Danny backed Pete into the box on the left side of the chute, where he’d wait until the steer was released. Dad backed Mandingo in on the right.
When the steer was in place, Ricky glanced at Danny. “Ready when you are.”
The idea was to stay in the box as short a time as possible. Get in, get ready, and hope the steer got up to the gate with his head aimed forward. That was the unknown, the steer.
Dad nodded to Danny.
Danny nodded to Ricky.
Ricky slammed the gate open. “Haw!”
The steer burst out running.
A split second later, Danny spurred Pete ahead.
The hardest part wasn’t the roping but the riding, and Danny’s balance astonished anyone who watched him. Dad once told him that he was about as good a rider as it was possible to be.
Danny stayed to the left, with Pete’s nose even with the steer’s hip.
Dad on Mandingo flew out of the heeler’s box, staying about ten feet off to the right, keeping the steer on a straight path so Danny could get a good shot at its head.
Danny threw his loop—a clean catch over both horns. He made his dally around the saddle horn, doing it right this time. He slowed and pulled the steer to the left so the steer’s hind legs flayed out as it turned.
Dad threw his loop and caught both back feet. He hadn’t missed all day. He made his dally and turned Mandingo to face Danny and Pete, the horses pulling the ropes taut, the caught steer between them.
Dad nodded. “Do it like that two weeks from now and we’ll be all right.”
“Yep,” Danny said. “Just like that.”
“Not bad, little brother,” Tyrell called. “You too, old man.”
Ricky and Tyrell removed the head protector from the steer’s horns and released the steer into the pasture. Dad and Tyrell took their horses into the barn.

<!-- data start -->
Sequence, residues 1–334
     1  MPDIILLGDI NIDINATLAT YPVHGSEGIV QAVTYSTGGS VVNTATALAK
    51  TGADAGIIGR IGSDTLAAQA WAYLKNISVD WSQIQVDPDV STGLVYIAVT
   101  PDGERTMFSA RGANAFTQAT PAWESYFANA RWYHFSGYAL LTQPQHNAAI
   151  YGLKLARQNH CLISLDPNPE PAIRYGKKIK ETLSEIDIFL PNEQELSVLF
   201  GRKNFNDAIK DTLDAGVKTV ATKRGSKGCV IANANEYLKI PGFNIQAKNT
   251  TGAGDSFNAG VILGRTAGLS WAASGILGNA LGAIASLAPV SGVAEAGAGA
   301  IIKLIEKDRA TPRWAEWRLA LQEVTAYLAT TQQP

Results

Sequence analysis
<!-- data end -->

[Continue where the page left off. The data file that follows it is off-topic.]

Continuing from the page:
Danny sat his horse, looking down on Ricky. “What you doing after this?”
“Chores, I guess.”
“Want to do something later?”
Danny looked back at the barn and out toward the pasture. “Oh, I don’t know. Watch grass grow?”
Ricky grinned and walked over to his bike to head home. Danny rode Pete alongside him, while Banjo sniffed through the weeds.
“Thanks for helping out today,” Danny said.
“No problem. You’d do it for me.”
“Not with bulls, I wouldn’t.”
Ricky was a junior bull rider, and Danny was not a fan of bulls. One wild kick and they could kill you. Danny knew of a rodeo bull from Texas that weighed 1,900 pounds. That one could kick you from Oregon to South Carolina. As a junior rider, Ricky rode bulls that were between 500 and 1,000 pounds.
Danny said, “You have more guts than brains.”
Ricky laughed. “You’re just jealous.”
He whistled for Banjo, squatting as he trotted over. “You take care of that wimp on the horse, you hear? He needs help.”
Banjo nosed Ricky’s hand.
Ricky looked up. “Guess he sees my point.”
“Get outta here,” Danny said, smiling. “Wanna do some fishing? If not later today, then next week?”
“Sure. Call me.” Ricky gave him a thumbs-up and rode off.
Danny whistled and slapped his thigh. “Banjo! Come!”
Banjo raced over and leaped. Danny caught him by the skin on the back of his neck and lifted him into the saddle. Banjo licked his face.
“I think you’ve earned yourself a treat, don’t you?”
Together, they rode back to the barn.